Data Set on Farming Solitary Bees and Wasps

Several species of local solitary bees and wasps will multiply in dense arrays of artificial cavities, and can be identified in the field by their nests to species or group. Beginning in 2001, numerous detailed published records from KSR (and two other localities) give species of bees, wasps and major parasites, counts of stage to stage survival, and losses due to parasitism, pests or pathogens. Only two of the local solitary bee species are commercially important in Canada, but understanding all aspects of the propagation of all local bees and solitary wasps is vital for maintaining or regenerating populations in the face of changing land use. Comparable artificial nests are widely recommended to the public; fortunately the project can address long term hygiene –already a concern with commercially managed pollinators.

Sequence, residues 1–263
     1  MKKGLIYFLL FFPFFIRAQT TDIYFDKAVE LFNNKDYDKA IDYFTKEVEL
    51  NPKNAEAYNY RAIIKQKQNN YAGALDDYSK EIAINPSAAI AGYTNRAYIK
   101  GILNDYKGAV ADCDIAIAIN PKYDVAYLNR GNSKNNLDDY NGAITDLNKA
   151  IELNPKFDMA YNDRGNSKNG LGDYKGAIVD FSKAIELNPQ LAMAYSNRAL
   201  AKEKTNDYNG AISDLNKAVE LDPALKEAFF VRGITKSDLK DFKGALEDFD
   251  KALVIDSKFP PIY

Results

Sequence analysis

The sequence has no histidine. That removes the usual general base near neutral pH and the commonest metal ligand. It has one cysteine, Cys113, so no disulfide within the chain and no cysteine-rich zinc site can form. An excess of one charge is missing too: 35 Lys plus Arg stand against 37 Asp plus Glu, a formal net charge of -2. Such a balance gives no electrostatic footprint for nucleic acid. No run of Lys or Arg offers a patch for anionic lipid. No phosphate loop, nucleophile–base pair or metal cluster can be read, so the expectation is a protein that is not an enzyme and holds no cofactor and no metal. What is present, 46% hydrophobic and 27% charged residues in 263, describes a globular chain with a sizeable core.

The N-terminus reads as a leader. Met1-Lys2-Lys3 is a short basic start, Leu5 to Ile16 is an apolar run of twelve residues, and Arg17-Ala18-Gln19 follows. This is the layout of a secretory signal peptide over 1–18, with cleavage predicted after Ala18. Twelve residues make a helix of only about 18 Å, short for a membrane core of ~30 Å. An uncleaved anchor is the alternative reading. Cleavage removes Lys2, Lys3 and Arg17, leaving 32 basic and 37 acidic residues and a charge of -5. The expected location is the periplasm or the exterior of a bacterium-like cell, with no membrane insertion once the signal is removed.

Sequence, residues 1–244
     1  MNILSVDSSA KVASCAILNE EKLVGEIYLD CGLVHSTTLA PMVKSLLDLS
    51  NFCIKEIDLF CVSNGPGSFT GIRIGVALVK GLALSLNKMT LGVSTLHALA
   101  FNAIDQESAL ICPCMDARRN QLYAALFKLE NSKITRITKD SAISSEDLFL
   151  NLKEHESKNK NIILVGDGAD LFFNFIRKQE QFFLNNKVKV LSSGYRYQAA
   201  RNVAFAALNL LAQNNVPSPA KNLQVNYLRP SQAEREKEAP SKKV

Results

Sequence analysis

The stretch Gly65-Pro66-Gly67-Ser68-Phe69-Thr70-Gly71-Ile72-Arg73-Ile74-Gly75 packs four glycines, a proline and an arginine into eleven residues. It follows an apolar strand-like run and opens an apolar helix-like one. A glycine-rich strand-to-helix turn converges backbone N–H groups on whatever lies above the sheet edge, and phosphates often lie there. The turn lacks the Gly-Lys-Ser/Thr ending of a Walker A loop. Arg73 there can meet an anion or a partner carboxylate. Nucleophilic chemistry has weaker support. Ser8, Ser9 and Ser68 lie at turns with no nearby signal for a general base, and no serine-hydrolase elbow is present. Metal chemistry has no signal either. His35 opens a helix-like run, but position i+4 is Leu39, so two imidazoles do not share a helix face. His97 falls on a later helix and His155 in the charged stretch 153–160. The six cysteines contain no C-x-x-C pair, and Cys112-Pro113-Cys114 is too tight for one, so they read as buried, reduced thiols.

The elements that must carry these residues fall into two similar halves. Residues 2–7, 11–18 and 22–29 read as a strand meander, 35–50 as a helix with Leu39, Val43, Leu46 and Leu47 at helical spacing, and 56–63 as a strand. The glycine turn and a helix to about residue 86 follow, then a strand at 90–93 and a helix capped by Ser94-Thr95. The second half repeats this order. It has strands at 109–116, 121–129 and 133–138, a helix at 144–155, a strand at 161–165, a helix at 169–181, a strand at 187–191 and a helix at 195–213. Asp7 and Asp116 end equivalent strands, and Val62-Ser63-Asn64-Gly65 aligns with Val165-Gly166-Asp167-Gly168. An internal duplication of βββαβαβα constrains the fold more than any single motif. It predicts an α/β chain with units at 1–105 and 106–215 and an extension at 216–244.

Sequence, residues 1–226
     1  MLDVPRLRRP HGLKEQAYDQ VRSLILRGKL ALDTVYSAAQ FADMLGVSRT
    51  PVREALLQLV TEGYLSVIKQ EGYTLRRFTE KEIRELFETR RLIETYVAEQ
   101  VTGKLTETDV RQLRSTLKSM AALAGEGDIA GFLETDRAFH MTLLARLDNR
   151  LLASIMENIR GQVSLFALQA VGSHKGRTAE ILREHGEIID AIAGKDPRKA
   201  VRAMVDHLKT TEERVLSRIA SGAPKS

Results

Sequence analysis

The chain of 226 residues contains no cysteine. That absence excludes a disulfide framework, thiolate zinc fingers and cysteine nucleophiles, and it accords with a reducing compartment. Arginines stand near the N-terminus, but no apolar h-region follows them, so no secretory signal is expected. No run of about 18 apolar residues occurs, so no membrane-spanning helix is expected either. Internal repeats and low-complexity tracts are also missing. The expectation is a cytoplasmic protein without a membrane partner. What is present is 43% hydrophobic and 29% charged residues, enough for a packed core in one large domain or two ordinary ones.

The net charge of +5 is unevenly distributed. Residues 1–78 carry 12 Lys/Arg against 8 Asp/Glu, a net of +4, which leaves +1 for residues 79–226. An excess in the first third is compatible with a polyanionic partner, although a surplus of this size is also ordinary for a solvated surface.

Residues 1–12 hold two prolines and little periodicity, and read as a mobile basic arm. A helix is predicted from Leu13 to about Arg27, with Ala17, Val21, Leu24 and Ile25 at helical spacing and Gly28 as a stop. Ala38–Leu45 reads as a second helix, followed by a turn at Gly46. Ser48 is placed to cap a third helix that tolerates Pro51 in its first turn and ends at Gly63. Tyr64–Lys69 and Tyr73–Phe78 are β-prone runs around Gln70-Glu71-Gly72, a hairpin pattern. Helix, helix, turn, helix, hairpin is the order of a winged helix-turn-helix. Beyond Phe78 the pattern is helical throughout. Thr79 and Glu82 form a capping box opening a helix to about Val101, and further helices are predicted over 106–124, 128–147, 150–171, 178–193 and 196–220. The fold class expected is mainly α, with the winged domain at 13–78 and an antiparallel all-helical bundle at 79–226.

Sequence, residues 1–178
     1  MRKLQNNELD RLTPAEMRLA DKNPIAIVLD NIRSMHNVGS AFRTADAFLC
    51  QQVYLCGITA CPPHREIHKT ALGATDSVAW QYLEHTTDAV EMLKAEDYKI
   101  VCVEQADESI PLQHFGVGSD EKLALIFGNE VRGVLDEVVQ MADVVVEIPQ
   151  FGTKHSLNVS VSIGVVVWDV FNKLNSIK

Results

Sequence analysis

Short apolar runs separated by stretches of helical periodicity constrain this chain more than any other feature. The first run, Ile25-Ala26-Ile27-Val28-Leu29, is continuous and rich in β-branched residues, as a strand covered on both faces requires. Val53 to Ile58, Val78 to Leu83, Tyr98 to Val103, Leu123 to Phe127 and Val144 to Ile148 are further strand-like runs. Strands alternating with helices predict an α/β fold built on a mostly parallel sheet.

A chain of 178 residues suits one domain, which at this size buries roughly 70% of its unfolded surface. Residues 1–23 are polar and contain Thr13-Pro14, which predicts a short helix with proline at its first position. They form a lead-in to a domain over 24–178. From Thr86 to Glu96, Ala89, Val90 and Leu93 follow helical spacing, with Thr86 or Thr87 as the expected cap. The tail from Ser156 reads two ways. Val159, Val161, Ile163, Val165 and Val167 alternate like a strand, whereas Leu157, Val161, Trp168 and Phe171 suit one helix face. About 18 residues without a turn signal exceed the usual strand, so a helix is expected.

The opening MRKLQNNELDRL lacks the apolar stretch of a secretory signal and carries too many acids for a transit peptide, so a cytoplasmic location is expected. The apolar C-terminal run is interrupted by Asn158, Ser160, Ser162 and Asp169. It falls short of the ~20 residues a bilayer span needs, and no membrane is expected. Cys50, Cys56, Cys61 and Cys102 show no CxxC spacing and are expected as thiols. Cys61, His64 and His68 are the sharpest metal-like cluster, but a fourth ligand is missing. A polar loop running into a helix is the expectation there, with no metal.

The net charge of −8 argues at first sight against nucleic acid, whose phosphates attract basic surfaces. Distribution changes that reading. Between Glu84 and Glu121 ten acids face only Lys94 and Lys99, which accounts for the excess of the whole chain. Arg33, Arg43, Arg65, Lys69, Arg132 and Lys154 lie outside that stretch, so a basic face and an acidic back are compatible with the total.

Principal Investigator: Peter E. Hallett

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